The TFCD proposal was introduced by the Securities and Exchange Commission (SEC) as a US approach to climate disclosure, building upon current market practices, including proposed accommodations for smaller companies, balancing principles-based requirements with the need for climate-related metrics, phasing in certain requirements over time, and even providing a safe harbor for the disclosure of Scope 3 emissions.  

The proposal broadly contains the following provisions:

  • It would create new requirements for the disclosure of climate-related risks and impacts based on the TCFD disclosure framework, including information about material impacts of climate risk on a company’s business, and information about a company’s governance, risk management, and strategy related to climate risk.
  • It would include a requirement to disclose in a company’s financial statements disaggregated metrics on climate-related impacts, expenditures, and estimates and assumptions.
  • It would require the disclosure of a company’s greenhouse gas emissions, drawing on the GHG Protocol, and including Scopes 1, 2, and, for all but the smallest companies, Scope 3 emissions.

 

Implementation date: TBC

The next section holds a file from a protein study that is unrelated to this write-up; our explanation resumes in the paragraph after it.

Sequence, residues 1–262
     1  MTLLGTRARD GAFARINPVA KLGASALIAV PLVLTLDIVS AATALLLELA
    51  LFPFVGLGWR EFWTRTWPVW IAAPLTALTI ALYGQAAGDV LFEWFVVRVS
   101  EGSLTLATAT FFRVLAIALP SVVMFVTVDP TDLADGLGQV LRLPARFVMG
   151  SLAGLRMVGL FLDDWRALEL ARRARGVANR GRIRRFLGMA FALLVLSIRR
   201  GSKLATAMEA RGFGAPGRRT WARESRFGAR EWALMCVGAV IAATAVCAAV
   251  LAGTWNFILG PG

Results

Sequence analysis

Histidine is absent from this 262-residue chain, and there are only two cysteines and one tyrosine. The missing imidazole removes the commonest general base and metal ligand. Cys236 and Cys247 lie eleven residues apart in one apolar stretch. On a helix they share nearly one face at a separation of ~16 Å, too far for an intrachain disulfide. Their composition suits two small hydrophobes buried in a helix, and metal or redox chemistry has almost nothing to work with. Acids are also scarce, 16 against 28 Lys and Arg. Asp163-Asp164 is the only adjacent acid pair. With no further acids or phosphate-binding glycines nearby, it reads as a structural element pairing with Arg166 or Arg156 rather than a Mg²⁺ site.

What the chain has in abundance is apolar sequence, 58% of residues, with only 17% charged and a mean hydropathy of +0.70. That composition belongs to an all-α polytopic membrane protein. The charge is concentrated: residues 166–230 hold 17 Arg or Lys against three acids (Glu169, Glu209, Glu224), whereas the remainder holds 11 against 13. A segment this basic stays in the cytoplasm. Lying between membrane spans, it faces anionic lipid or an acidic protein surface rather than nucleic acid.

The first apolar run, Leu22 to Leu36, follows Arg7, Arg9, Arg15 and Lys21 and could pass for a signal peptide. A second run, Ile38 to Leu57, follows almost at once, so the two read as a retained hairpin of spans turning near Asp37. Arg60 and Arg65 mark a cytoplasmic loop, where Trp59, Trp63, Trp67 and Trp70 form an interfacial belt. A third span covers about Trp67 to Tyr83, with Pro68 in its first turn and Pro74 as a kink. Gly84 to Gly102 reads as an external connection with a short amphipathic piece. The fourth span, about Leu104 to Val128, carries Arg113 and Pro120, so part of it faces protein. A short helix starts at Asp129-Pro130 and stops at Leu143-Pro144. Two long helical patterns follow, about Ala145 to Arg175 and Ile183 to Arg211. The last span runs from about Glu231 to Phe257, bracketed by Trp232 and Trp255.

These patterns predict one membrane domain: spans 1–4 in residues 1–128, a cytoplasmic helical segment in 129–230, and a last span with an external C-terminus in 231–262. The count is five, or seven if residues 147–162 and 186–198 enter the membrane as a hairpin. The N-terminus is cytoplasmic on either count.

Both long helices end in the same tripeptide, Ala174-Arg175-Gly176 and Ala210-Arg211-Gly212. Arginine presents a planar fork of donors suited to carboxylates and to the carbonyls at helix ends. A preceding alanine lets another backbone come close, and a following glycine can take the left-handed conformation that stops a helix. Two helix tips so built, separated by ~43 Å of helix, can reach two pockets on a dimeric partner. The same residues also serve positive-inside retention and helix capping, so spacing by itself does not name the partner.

Learn more: https://www.sec.gov/news/statement/lee-climate-disclosure-20220321

The Federal Insurance Office (FIO) of the U.S. Department of the Treasury (Treasury) is issuing this Request for Information (RFI), following the May 20, 2021 Executive Order on Climate-Related Financial Risk, to solicit public input on FIO's future work relating to the insurance sector and climate-related financial risks. FIO's efforts will focus on three initial climate-related priorities, which are described below. Additionally, this RFI seeks input on how FIO's data collection and dissemination authorities can best be used by FIO in support of these priorities, as well as to monitor and assess the insurance sector and climate-related financial risks.

 

Implementation date: TBC

 

Learn more: https://www.federalregister.gov/documents/2021/08/31/2021-18713/federal-insurance-office-request-for-information-on-the-insurance-sector-and-climate-related

 

 

International investors with global investment portfolios are increasingly calling for high quality, transparent, reliable and comparable reporting by companies on climate and other environmental, social and governance (ESG) matters.

On 3 November 2021, the International Financial Reporting Standards (IFRS) Foundation Trustees announced the creation of a new standard-setting board—the International Sustainability Standards Board (ISSB)—to help meet the demand for ESG reporting.

The intention is for the ISSB to deliver a comprehensive global baseline of sustainability-related disclosure standards that provide investors and other capital market participants with information about companies’ sustainability-related risks and opportunities to help them make informed decisions.